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Full-Text Articles in Law

The Constitutionality Of California's Cap-And-Trade Program And Recommendations For Design Of Future State Programs, Thomas Alcorn Sep 2013

The Constitutionality Of California's Cap-And-Trade Program And Recommendations For Design Of Future State Programs, Thomas Alcorn

Michigan Journal of Environmental & Administrative Law

Global climate change has emerged as one of the greatest challenges of our time. While action has stalled on the national stage, states have started to take action to reduce their greenhouse gas emissions. Confronted with the risk of severe impacts that could cost it tens of billions of dollars annually by the end of the century, California has taken the lead and developed the first comprehensive cap-and-trade program in the nation and seeks to achieve significant reductions in the greenhouse gas emissions associated with its economy. The success of California’s program will determine whether other states and the federal …


The Dormant Commerce Clause And California's Low Carbon Fuel Standard, Kathryn Abbott Sep 2013

The Dormant Commerce Clause And California's Low Carbon Fuel Standard, Kathryn Abbott

Michigan Journal of Environmental & Administrative Law

California’s Low Carbon Fuel Standard (LCFS), enacted as part of the State’s pioneering Global Warming Solutions Act (AB 32), purports to regulate the amount of carbon emissions associated with fuels consumed in the state. Part of this scheme involves assigning numeric scores to vehicle fuels reflecting the amount of carbon emissions associated with their production, transportation, and use. The scores are part of a “cap-and-trade” scheme to lower the state’s total amount of carbon emissions associated with fuel use. Out-of-state industry groups brought a challenge in the United States District Court for the Eastern District of California, alleging that the …


Midnight Rules: A Reform Agenda, Jack M. Beermann Apr 2013

Midnight Rules: A Reform Agenda, Jack M. Beermann

Michigan Journal of Environmental & Administrative Law

There is a documented increase in the volume of regulatory activity during the last ninety days of presidential administrations when the President is a lame duck, having either been defeated in a bid for re-election or being at the end of the second term in office. This includes an increase in the number of final rules issued as compared to other periods. The phenomenon of late-term regulatory activity has been called “midnight regulation,” based on a comparison to the Cinderella story in which the magic wears off at the stroke of midnight. This Article looks closely at one species of …


Avoiding Jeopardy, Without The Questions: Recovery Implementation Programs For Endangered Species In Western River Basins, Reed D. Benson Apr 2013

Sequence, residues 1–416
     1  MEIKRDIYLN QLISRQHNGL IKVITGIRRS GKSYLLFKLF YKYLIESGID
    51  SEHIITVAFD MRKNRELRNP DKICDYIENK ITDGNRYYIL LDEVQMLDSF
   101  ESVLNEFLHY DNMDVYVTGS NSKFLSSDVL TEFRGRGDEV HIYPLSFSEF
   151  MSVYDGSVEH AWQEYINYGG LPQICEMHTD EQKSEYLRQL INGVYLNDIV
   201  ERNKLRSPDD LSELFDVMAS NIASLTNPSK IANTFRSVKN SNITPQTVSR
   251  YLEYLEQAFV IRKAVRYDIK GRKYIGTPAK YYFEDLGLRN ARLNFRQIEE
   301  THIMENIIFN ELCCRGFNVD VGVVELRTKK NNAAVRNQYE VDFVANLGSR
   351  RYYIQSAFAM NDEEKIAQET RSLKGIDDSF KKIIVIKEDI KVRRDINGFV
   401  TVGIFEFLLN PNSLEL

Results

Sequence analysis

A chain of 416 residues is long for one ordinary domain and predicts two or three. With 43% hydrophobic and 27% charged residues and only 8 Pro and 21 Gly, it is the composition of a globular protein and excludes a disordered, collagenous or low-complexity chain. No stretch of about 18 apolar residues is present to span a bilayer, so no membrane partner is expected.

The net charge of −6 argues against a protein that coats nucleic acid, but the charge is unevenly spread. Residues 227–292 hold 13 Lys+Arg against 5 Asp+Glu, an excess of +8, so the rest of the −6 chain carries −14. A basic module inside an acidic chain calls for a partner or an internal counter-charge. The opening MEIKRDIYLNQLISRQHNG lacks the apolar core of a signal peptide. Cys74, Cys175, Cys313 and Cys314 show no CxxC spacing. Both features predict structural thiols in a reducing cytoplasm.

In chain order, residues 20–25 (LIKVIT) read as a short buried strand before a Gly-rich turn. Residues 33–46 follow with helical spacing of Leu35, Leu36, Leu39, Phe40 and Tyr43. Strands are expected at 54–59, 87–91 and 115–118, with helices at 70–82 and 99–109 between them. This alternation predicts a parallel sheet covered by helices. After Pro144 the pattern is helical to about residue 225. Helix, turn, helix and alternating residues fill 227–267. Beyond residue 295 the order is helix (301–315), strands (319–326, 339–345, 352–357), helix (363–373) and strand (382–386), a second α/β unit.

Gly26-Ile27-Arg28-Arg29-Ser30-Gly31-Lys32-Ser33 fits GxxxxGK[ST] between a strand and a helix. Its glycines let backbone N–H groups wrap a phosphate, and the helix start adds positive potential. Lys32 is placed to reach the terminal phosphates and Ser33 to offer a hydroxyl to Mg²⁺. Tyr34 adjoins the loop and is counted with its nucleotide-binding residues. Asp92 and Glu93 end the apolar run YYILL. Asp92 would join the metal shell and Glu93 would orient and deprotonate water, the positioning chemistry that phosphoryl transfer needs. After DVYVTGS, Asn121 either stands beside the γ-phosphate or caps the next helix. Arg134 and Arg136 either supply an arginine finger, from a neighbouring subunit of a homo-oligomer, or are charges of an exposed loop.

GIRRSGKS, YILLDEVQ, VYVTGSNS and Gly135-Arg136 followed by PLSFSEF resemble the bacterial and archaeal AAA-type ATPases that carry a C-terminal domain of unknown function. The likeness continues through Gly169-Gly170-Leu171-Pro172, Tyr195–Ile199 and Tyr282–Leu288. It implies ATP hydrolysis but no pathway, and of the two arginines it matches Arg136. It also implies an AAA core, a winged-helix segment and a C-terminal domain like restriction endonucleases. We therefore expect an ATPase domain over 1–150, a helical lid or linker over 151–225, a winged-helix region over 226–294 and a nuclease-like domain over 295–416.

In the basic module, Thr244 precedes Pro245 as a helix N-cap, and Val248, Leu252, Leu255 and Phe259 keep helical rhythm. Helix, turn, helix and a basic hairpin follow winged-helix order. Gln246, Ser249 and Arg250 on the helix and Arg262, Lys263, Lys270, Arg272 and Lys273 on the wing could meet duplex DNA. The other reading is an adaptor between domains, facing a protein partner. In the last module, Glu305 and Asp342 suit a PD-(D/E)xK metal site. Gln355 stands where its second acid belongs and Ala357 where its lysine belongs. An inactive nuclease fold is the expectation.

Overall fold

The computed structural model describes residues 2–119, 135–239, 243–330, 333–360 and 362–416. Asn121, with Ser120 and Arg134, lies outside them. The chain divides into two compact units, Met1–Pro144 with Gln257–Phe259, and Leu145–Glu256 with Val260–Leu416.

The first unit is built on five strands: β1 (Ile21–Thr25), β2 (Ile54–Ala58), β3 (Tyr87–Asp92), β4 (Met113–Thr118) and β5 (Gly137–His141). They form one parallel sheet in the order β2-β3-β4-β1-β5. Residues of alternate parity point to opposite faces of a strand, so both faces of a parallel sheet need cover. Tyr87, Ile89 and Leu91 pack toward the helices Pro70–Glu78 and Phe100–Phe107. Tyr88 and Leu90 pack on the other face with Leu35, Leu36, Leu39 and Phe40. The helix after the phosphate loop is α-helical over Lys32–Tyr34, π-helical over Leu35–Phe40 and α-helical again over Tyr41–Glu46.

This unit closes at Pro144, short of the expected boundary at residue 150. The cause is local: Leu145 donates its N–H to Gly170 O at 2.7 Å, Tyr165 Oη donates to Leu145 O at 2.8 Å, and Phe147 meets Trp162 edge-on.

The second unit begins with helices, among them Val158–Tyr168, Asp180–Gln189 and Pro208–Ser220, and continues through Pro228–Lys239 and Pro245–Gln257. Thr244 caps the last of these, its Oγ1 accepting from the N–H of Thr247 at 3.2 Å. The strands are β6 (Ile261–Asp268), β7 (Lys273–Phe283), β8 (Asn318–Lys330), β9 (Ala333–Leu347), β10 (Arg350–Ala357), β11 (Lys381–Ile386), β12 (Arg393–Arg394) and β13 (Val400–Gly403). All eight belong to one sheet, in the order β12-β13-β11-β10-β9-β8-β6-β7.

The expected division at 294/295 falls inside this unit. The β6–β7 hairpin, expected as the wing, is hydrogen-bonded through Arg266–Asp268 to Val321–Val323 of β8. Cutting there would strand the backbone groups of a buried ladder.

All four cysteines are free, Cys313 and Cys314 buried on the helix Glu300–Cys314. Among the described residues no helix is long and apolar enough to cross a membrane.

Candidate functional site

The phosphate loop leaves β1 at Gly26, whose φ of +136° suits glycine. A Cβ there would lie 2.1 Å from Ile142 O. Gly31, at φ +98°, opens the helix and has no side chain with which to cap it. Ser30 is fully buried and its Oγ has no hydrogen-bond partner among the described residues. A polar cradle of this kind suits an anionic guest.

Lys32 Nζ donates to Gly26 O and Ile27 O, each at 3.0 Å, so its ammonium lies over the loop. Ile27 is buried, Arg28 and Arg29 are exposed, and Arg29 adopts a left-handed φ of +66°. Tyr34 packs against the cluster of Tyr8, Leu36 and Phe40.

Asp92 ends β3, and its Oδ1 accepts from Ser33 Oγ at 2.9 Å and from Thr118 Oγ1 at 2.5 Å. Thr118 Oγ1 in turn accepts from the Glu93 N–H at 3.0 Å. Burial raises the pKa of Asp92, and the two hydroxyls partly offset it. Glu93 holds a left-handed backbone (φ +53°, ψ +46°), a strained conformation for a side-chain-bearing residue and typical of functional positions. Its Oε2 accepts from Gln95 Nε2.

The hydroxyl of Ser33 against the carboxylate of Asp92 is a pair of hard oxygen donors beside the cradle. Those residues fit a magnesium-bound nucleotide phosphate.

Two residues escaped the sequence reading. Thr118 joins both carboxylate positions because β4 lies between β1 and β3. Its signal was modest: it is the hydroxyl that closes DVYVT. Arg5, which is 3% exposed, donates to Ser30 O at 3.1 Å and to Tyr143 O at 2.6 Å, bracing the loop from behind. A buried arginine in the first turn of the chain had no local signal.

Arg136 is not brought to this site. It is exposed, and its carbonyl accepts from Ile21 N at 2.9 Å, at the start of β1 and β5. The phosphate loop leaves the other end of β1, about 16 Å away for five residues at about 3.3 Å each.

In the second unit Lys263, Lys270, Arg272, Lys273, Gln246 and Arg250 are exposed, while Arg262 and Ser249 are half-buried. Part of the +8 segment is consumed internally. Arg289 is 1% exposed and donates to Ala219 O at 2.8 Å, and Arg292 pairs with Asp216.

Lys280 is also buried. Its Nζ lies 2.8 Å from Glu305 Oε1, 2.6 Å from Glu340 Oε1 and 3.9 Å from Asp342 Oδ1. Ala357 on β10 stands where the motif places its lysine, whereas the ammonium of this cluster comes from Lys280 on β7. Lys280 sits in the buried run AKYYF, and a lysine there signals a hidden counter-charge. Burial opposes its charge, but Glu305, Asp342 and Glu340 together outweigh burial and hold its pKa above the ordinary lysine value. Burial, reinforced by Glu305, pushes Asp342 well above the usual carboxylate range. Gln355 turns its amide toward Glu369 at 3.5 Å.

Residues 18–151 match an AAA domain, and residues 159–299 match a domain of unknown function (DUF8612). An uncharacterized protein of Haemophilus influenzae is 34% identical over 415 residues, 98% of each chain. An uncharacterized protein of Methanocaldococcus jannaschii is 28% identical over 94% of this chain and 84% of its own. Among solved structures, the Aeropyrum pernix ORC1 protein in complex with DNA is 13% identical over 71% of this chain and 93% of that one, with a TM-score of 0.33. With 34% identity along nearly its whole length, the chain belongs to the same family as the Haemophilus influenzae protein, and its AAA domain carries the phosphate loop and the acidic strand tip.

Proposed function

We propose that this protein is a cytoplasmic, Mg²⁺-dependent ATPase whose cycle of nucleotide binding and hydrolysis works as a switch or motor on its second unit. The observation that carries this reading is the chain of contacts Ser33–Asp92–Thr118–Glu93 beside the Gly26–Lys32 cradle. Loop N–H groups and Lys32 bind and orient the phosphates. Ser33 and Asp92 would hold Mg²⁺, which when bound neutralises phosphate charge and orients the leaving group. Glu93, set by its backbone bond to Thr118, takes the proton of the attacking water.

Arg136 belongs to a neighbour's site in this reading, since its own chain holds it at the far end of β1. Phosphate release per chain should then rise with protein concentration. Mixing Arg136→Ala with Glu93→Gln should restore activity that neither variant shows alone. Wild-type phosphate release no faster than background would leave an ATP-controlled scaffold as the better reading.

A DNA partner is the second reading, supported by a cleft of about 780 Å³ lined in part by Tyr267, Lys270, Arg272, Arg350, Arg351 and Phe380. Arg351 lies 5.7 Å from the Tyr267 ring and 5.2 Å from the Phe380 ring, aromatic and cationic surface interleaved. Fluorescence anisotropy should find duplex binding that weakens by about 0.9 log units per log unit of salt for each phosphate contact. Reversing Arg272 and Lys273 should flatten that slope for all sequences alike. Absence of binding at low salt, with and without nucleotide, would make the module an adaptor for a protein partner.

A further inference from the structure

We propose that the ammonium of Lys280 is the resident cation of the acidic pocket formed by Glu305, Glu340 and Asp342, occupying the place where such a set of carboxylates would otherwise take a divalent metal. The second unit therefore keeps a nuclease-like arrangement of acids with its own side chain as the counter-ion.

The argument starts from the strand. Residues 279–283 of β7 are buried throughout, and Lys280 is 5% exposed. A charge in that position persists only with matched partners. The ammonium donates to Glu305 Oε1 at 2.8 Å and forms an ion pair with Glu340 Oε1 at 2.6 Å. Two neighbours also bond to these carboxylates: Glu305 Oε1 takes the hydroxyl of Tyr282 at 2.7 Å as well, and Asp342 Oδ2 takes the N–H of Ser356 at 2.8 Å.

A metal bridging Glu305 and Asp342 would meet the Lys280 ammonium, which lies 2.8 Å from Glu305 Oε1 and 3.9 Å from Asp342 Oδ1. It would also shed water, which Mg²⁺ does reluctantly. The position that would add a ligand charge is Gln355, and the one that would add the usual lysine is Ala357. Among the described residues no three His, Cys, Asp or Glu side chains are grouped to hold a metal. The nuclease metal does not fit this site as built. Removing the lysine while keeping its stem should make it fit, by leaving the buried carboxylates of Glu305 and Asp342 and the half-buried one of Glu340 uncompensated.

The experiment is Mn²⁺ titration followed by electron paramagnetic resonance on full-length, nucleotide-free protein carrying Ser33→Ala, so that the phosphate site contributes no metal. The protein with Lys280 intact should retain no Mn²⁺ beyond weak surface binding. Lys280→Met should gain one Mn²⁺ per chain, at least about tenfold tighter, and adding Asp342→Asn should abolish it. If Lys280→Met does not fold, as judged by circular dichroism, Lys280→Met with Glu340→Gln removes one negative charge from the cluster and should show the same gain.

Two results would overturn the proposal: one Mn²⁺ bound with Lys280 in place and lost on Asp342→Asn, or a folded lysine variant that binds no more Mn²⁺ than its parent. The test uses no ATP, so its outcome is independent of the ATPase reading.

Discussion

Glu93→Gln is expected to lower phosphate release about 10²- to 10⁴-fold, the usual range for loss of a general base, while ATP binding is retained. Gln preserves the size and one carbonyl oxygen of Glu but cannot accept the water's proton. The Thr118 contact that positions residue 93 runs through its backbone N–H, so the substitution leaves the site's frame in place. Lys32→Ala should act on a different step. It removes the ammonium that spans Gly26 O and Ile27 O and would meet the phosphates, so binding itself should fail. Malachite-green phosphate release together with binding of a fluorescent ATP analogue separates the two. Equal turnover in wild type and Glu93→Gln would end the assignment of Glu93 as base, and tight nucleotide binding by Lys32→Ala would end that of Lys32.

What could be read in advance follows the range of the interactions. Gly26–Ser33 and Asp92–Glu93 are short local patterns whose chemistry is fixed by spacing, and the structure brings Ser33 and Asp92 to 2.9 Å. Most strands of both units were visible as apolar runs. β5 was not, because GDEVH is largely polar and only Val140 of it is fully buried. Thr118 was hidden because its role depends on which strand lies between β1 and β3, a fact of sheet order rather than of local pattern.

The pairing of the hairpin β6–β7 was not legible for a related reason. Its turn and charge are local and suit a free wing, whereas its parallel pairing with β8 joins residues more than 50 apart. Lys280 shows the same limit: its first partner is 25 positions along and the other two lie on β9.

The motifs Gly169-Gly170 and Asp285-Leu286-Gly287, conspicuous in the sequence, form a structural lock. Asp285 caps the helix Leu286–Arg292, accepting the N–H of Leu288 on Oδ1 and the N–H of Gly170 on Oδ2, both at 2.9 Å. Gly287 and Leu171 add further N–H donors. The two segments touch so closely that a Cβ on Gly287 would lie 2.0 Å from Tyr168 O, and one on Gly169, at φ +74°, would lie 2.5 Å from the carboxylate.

Avoiding Jeopardy, Without The Questions: Recovery Implementation Programs For Endangered Species In Western River Basins, Reed D. Benson

Michigan Journal of Environmental & Administrative Law

The application of the Endangered Species Act to water resources has generated much controversy in the American West. In several western river basins, however, Recovery Implementation Programs (RIPs) provide an alternative, collaborative approach to ESA compliance. These programs offer an enhanced role for states and stakeholders in ESA decisionmaking, and increased certainty that ESA requirements will not disrupt ongoing water project operations and established uses. This Article examines the origins, purposes, and elements of various RIPs, with particular emphasis on these programs’ approach to compliance with the requirements of ESA section 7 for federal agency actions. The Article also considers …


Making Method Visible: Improving The Quality Of Science-Based Regulation, Pasky Pascual, Wendy Wagner, Elizabeth Fisher Apr 2013

Making Method Visible: Improving The Quality Of Science-Based Regulation, Pasky Pascual, Wendy Wagner, Elizabeth Fisher

Michigan Journal of Environmental & Administrative Law

Scientific inferences are theories about how the world works that scientists formulate based on their observations. One of the most difficult issues at the intersection of law and science is to determine whether the weight of evidence supports one scientific inference versus other competing interpretations of the observations. In administrative law, this difficulty is exacerbated by the behavior of both the courts and regulatory agencies. Agencies seldom achieve the requisite visibility that explains the analytical methods they use to reach their scientific inferences. Courts—because they appreciate neither the variety of inferential methods nor their epistemic foundations—do not demand this level …